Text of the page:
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French Agency for Food, Environmental and Occupational Health & Safety

Risks of ingestion of button batteries by young children: adopt the right reflexes in the event of an accident

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News of 13/12/2017

Several cases of poisoning in young children (including one that was serious) resulting from the ingestion of button batteries from luminous fidget spinners have been reported by the French poison control centres. These cases illustrate the importance for parents to prevent accidents by avoiding products presenting a risk and adopting the right reflexes in the event of ingestion of button batteries, even when only suspected. The Directorate General for Competition, Consumer Affairs and Fraud Control (DGCCRF), the French Agency for Food, Environmental and Occupational Health & Safety (ANSES) and the French poison control centres wish to reiterate the advice to follow.

 

Ingestion of a button battery represents a serious hazard for children

Many products, such as toys or remote controls, may contain small batteries (known as button batteries or button cells). These batteries represent a serious hazard for children when ingested, even when there is no respiratory obstruction. After it is swallowed, a battery may release toxic substances into the oesophagus, resulting in the formation of potentially fatal lesions within a few hours.

Each year in France, more than 1200 visits to hospital emergency departments are linked to the ingestion of button batteries. The poison control centres have identified 341 cases of ingestion or inhalation of button batteries between June 2016 and today. Accidents due to button batteries as foreign bodies predominantly affect children aged 0-5 years. These mainly involve ingestion (in nine cases out of ten). It should be noted that the two most recent incidents concerned children aged 6 and 10 years who put luminous fidget spinners (hand-held spinning toys) in their mouths, and the batteries came out of their compartments.

 

To prevent accidents, check the safety of toys… and more importantly that of everyday objects

Because they are intended for younger age groups, toys are subject to strict requirements (in French). In particular, European legislation stipulates that their batteries must not be accessible. It should therefore not be possible for a child to open the compartment where they are housed, nor should it open or break if the toy is dropped. As the French consumer protection authority, the DGCCRF ensures the safety of toys placed on the market with laboratory tests and analyses, especially in the run-up to Christmas. In 2016-17, 107 electrical toys were tested in this way: in five toys the batteries were found to be accessible; these included three luminous fidget spinners, which were withdrawn from the market.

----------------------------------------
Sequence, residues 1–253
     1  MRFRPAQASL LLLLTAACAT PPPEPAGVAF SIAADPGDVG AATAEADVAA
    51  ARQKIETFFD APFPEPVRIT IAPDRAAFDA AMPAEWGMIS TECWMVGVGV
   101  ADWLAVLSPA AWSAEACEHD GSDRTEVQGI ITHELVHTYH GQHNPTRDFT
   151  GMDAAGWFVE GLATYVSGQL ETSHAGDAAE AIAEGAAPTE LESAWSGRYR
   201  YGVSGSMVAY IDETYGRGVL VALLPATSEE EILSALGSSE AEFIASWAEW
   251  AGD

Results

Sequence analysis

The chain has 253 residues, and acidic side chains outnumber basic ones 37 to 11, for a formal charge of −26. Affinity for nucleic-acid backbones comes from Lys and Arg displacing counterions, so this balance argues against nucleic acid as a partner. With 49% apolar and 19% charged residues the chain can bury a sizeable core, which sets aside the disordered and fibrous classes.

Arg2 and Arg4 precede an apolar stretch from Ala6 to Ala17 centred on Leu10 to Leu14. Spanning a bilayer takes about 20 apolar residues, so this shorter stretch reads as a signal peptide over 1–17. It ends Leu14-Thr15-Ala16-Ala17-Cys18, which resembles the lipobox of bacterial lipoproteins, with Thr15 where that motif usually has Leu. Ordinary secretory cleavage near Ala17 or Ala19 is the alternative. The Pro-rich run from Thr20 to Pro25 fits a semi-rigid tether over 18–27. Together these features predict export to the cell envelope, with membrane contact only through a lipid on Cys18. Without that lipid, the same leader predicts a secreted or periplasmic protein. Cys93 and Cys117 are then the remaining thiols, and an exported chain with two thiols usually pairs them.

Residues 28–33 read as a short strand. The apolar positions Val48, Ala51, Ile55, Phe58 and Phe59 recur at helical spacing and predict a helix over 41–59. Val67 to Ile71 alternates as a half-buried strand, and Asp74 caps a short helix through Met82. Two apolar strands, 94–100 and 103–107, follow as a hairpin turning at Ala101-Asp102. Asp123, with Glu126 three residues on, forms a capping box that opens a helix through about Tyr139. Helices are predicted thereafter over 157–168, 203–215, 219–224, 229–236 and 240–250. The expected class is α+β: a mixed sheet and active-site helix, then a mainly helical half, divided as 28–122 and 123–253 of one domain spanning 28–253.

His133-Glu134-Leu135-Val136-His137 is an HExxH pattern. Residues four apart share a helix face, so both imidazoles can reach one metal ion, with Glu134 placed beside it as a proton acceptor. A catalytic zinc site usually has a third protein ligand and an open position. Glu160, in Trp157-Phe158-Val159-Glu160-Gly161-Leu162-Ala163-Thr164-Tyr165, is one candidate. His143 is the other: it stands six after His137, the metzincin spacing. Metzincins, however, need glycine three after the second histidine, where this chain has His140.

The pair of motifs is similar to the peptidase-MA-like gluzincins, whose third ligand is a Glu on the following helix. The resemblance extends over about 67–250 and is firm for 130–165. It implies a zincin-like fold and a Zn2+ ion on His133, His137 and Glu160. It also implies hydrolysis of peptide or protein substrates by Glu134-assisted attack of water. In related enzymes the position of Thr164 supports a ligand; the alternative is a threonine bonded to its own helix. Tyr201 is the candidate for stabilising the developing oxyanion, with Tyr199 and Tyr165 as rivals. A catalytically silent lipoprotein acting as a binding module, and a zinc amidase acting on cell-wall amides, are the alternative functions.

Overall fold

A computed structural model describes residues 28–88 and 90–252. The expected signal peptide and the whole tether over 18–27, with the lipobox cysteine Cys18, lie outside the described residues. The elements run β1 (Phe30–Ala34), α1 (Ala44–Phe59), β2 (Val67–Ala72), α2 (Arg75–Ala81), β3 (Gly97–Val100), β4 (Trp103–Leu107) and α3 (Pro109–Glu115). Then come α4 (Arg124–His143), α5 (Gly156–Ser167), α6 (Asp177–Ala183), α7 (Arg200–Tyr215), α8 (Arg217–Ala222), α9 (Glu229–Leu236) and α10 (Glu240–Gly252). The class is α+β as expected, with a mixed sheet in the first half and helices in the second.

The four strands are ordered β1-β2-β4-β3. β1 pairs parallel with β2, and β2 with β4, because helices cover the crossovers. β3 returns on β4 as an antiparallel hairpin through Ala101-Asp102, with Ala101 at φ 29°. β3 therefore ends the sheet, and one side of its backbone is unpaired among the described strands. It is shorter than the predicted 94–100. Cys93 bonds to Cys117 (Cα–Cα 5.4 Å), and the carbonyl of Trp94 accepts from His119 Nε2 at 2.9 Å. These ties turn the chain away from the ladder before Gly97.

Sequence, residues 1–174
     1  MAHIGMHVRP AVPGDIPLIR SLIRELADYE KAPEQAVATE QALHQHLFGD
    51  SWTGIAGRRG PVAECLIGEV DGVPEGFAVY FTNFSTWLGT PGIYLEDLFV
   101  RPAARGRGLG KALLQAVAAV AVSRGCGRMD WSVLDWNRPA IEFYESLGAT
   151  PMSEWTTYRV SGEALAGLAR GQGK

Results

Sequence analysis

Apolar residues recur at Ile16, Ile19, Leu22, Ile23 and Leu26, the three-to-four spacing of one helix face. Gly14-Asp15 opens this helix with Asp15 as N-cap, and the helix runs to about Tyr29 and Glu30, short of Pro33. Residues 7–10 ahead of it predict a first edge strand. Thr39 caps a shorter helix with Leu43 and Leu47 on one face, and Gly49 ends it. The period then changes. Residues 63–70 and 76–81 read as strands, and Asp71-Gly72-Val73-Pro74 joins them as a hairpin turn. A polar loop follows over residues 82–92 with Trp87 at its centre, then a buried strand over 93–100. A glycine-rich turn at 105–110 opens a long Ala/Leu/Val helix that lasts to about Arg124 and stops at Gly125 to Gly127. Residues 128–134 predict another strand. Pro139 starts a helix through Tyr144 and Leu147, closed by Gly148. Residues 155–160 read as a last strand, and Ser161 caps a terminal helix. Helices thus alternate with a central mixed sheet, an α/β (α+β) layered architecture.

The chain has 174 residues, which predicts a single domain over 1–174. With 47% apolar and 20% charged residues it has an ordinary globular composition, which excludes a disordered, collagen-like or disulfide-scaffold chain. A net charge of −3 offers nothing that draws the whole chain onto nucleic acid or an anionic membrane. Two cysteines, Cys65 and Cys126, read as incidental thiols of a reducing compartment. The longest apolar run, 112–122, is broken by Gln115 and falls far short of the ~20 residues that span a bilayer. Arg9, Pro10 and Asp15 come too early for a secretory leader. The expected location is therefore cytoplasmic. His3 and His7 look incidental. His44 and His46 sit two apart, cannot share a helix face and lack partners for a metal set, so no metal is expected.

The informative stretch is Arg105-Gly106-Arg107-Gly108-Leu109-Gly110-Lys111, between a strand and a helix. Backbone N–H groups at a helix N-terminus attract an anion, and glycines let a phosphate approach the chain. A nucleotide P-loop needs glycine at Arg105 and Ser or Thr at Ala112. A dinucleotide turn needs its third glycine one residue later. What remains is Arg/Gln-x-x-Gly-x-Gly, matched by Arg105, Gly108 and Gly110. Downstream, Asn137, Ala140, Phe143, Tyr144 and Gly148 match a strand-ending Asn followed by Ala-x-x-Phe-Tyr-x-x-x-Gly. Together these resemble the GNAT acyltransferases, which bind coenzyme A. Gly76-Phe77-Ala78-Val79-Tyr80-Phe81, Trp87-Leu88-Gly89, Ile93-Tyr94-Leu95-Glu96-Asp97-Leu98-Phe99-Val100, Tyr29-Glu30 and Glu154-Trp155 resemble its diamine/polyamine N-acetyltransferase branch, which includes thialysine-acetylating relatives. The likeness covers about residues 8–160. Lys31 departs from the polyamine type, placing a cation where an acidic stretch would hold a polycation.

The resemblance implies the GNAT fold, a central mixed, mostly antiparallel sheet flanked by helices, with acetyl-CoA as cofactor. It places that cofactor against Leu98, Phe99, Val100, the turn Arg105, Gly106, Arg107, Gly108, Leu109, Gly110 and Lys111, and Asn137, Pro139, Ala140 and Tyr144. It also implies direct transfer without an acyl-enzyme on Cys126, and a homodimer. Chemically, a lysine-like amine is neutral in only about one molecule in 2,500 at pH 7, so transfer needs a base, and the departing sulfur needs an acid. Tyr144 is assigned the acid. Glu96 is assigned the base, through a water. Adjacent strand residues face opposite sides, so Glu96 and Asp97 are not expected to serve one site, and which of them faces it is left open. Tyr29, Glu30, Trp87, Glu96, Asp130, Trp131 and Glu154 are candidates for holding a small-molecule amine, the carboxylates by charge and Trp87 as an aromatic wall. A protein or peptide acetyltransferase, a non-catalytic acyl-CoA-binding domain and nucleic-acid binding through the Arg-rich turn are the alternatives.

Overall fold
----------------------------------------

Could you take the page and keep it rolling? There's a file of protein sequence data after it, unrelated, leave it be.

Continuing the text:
Nevertheless, although the monitoring carried out by the DGCCRF indicates that these regulations are generally complied with, luminous fidget spinners, which have been imported in massive quantities and at low cost since the beginning of 2017, seem more likely to present a risk. In 2017, a dozen alerts were reported at European level concerning certain luminous models of fidget spinner, due to a risk of ingestion of the batteries. In France, the laboratories of the DGCCRF identified a non-conformity with this requirement in three of the five models of luminous fidget spinners tested.

Parents are therefore invited to check that the batteries of the luminous fidget spinners handled by their children are not easily accessible. They should also remain vigilant about the other everyday objects containing button batteries (remote controls, car keys) which, because they are not intended for children, are not subject to these strict regulatory obligations and are regularly the cause of accidents.

To avoid any risk, we recommend that you observe the following precautions:

  • always keep button batteries out of the reach of children;
  • check that the battery compartment is properly secure and cannot be opened, and if this is not the case, keep the object containing them out of the reach of children;
  • try and purchase appliances whose battery compartments are secure (fastened with a screw or needing two independent manoeuvres to open them);
  • in the event of ingestion of a button battery, even when only suspected, call the emergency services (dial 15 in France) or a poison control centre, and explicitly tell the operator that a child may have ingested a button battery. 

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